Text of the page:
It’s one-o’clock in the morning and I’m trudging up a steep cobblestone hill from our late-night meal. I’m cursing my falling-apart flip-flops, our early morning red-eye, and the fact that no one wanted to take a cab back to our Airbnb. I’m starting to regret saying yes to this friends’ trip.
I love my friends. But I struggle to stay up past 10 p.m., and I’d much rather take a cab when it’s dark and there’s a steep hill involved. If I had known up front about our different travel budgets and styles, I could have avoided feeling frustrated and angry. Here are four questions I usually ask — learned from experiences like this one — to determine whether or not someone will be a great travel partner for me:
What are your travel priorities?
Before a recent business trip, I asked my colleague what would make him happiest about being in Nashville. That kicked off a longer conversation about why we travel and what activities suit us best, so when we did have time to explore, we made the most of it. The good news? We both had the same top priority, which was eating as much amazing barbecue as possible.
When I’m in a new city, I love to try the famous food in that area. Whether it’s pizza in New York or paella in Valencia, understanding a new culture through the lens of what’s on the menu makes me happier than anything.
How early do you get to the airport?
There are two types of people at the airport: early birds and last-minute door-closers. After once having to hustle through the Vancouver airport when my flight changed at the last minute, I fall squarely into the “so early the flight isn’t even listed” camp. I think the stress would kill me if I was traveling with a “run through the airport or bust” type of person. To solve this dilemma, I meet my travel buddies at the gate.
Beyond your initial voyage, this question provides insight into a person’s general style. How likely are you to miss a dinner reservation, guided tour, or ticketed show during your trip and how do you deal with that stress? There’s no wrong way to go about it— just make sure you know ahead of time. Having an honest conversation about how you both approach planning and punctuality can help you determine if you’ll gel well together.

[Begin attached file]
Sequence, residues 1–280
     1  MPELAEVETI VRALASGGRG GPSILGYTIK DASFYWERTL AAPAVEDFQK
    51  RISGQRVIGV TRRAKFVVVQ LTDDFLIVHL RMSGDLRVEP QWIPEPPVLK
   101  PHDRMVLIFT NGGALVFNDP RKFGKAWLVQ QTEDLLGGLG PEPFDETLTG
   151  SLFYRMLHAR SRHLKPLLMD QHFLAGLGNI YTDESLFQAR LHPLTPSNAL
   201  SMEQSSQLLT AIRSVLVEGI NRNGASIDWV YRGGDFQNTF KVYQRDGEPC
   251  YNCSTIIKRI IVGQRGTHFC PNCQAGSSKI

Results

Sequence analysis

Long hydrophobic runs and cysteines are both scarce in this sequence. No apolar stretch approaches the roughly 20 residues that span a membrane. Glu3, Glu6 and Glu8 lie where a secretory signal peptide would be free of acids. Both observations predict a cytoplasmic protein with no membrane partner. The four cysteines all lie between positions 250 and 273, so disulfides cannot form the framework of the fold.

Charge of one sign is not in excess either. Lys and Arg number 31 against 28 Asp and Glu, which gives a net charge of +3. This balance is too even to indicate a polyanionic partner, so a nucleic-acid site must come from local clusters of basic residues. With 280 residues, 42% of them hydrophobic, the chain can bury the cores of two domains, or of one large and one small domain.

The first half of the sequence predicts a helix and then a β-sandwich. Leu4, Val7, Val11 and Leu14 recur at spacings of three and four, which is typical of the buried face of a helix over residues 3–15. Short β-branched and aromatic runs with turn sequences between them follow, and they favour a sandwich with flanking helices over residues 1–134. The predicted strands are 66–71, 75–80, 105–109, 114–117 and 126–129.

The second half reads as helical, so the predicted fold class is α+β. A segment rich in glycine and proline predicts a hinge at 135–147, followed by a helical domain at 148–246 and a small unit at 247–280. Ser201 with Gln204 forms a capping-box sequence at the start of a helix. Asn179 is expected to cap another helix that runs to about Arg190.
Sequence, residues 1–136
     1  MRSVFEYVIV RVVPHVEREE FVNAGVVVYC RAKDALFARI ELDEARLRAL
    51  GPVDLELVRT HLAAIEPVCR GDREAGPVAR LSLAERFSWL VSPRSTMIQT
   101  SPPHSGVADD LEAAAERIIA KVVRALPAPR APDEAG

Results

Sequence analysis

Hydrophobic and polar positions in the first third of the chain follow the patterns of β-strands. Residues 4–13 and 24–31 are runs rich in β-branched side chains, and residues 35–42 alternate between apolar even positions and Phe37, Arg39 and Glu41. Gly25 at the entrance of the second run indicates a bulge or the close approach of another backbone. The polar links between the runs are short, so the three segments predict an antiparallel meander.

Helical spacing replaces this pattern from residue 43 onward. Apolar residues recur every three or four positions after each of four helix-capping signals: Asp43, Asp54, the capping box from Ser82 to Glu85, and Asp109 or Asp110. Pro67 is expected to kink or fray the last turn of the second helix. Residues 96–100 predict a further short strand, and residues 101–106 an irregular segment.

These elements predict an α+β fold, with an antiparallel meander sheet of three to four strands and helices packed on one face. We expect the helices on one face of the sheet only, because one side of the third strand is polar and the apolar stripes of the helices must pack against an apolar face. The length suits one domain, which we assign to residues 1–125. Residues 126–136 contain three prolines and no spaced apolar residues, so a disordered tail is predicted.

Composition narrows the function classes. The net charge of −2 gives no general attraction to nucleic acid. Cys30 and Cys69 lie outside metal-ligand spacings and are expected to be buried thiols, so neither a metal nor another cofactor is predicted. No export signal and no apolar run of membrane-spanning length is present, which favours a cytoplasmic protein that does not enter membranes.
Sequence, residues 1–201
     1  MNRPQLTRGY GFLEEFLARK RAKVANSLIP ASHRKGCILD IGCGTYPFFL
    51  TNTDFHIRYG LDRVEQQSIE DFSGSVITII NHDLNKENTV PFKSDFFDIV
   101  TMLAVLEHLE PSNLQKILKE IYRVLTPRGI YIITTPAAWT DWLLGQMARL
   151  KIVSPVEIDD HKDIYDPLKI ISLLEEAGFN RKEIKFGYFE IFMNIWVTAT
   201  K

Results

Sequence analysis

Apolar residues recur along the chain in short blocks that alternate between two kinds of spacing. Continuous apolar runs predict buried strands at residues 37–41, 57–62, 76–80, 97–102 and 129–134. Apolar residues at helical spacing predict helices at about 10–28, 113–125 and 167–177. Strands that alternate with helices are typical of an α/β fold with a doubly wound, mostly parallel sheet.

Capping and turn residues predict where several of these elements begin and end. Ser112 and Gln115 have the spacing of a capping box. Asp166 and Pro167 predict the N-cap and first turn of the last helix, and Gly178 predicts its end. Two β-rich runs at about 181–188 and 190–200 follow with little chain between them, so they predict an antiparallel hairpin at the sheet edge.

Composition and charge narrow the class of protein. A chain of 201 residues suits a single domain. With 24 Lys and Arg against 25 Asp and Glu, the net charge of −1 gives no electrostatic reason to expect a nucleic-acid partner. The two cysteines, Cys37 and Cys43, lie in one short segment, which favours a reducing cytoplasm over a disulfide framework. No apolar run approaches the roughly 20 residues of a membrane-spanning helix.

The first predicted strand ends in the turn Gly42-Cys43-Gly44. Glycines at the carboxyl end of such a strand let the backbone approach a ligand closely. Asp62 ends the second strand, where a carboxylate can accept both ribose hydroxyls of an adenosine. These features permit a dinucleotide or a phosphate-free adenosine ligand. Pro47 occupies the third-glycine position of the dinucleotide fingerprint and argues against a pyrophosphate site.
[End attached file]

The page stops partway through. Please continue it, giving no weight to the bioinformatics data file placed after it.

How much do you like to plan?
If you couldn’t tell already, I’m a super planner. I’ve got timelines, manila folders stuffed with lists and maps, and jam-packed itineraries. I tend to make everything from dinner reservations to tour bookings well in advance.
That style can feel suffocating to someone who wants to discover a destination with more of a free spirit. I always ask anyone I’m traveling with how much of the trip they like planned in advance. If they would prefer less structure, I build wandering time into my itinerary — and take it easy on the reservations — so it suits both of us.
What’s your budget?
Be super honest with your traveling companions about how much you’re willing to spend or else you will be miserable. It can get awkward fast if you’re psyched about a museum and your partner asks to wait outside. Or if you sit down at a restaurant you’ve been dying to try only to have your partner ask to leave. Avoid those moments by talking honestly about what you want to spend money on — do you want to splurge on that Eiffel-Tower view or save your pennies for a walking food tour? — and be willing to compromise.
As for that steep cobblestone hill, I called a “family meeting” with my friends over breakfast the next morning. Turns out, all of us would have rather taken a cab — we just thought the others felt differently. After laughing at ourselves, we went through the questions above, making sure we would all have a great time for the remainder of the trip. Turns out my friends are pretty great travel partners after all.
Originally published July 1, 2019.